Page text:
Very few people can stand up and legitimately claim ‘I cured myself of cancer.’ One of those who can is JOHANN ILGENFRITZ, the founder and head of UK Health Radio — an internet station which has just landed on the world’s top 15 podcast platforms, giving its health shows a potential reach of a staggering 780 million listeners across the globe.

Johann Ilgenfritz was just 47 when his oncologist told him to go home and get his affairs in order because he had, if he was lucky, just 12 months to live.

Johann, who was working as a successful fashion and beauty photographer, running a busy and award-winning studio in Hamburg, Northern Germany, at the time, says he can still remember the feel of the smart white leather chair he was sitting in when the doctor delivered that body blow, telling him there were no more treatment options because the skin cancer that had been diagnosed the year before was back … with a vengeance.

And there was nothing more to be done, except to go home and wait to die.

But there was something else that happened in the room; something that Johann still remembers vividly to this day — more than a decade after being effectively handed that death sentence.

“I heard a voice in my head which was screaming at me and telling me I wasn’t going to die,” he says. “I knew this voice was coming from me and it was also very different to my reaction when I had first been diagnosed with cancer the year before.”

Oddly, Johann’s cancer story had actually started with a heart attack.

It was February 2011 and the then 46-year-old Johann, who had a black belt in karate and was no couch potato, was playing tennis with a doctor friend when he suddenly felt as if someone had pulled the plug out and switched off his power supply as he collapsed on the floor of the indoor court.

“I know I must have collapsed because I remember feeling the texture of the indoor grass covering against my face, but I don’t remember being taken to hospital or anything else about the heart attack,” he says.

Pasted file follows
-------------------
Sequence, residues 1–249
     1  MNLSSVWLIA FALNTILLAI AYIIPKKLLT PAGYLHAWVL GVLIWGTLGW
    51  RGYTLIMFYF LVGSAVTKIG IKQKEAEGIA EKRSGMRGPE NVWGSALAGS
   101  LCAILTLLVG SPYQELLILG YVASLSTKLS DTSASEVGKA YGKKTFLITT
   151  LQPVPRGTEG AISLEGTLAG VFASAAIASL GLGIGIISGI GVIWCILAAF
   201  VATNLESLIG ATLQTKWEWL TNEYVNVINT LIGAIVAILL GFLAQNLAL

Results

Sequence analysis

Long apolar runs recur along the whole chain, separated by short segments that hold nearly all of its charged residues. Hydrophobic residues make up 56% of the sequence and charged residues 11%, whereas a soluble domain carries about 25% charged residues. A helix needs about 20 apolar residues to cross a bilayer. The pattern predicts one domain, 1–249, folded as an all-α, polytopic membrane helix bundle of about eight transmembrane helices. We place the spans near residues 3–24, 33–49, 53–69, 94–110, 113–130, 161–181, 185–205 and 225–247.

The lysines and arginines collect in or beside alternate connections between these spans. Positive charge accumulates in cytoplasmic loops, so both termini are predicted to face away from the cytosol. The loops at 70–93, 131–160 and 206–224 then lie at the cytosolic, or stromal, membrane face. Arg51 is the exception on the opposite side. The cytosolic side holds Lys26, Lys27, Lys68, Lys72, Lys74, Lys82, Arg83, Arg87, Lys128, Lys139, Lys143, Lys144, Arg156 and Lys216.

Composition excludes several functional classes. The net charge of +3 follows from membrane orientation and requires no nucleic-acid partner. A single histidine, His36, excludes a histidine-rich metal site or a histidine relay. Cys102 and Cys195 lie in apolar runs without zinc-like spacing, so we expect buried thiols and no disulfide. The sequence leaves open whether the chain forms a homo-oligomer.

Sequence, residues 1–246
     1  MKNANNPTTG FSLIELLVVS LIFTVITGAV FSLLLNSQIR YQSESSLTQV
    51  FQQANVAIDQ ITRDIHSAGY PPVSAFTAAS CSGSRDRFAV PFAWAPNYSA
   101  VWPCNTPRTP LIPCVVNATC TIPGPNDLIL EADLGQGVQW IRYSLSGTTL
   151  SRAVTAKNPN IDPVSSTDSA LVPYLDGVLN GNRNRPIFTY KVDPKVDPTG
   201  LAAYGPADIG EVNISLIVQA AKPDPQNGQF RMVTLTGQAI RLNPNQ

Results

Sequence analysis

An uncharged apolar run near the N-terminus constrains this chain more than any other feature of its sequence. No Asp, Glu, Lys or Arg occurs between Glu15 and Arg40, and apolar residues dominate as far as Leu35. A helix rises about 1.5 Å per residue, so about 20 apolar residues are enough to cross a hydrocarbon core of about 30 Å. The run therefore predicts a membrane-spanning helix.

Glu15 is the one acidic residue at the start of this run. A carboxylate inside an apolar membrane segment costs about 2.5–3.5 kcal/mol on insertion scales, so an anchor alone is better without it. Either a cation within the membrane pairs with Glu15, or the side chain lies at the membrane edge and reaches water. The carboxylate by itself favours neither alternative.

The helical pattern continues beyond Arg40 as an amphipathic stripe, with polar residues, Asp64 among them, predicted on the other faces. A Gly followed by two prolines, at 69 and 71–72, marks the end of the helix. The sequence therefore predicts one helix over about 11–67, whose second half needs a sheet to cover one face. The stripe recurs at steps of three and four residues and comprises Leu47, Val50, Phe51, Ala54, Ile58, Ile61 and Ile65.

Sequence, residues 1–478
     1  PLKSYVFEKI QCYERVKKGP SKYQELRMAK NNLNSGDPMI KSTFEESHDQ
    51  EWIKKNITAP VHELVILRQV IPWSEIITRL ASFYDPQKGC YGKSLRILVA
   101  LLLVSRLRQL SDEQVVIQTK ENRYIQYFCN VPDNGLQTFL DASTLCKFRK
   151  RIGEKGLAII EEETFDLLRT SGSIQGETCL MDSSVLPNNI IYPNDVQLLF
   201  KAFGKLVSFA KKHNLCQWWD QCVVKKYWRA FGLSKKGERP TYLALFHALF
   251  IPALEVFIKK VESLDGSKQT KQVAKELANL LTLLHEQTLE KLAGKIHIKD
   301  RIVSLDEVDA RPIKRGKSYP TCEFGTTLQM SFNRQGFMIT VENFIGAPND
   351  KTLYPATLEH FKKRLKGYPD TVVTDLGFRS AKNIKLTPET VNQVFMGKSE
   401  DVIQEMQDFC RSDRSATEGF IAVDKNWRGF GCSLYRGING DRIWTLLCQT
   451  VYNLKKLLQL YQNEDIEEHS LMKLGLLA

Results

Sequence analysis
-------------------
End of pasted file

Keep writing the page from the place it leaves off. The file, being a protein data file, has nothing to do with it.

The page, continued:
His recovery from the shock event was so slow it baffled his doctors, who decided to carry out further tests, only to discover Johann had advanced skin cancer which had spread throughout his body, even to his left eye.

“It had metastasised and so was just everywhere and that explained why I wasn’t doing so well and wasn’t thriving after the heart attack,” he says.

“Looking back now, I see the heart attack as being a kind of warning shot. If that hadn’t happened, we may not have found the cancer until it was too late.”

At that first diagnosis, Johann was offered two rounds of radiotherapy and told the treatment was ‘doable.’ He chose to put his trust in the medical profession and willingly went along with whatever was suggested.

“I always tell people now that I experienced everything radiation has to offer,” he says wryly.

But the thing that really troubled him was the fact that nobody really ever told him anything. Not what to expect, not what to do – or not do. Not what to eat – or not eat. Nothing.

“I really hated that experience of not knowing what was happening or why, and the feelings of helplessness it left me with. I wanted to be part of the process and so when I got the second diagnosis, things were very different. This time I was going to be involved in my own healing, “he says.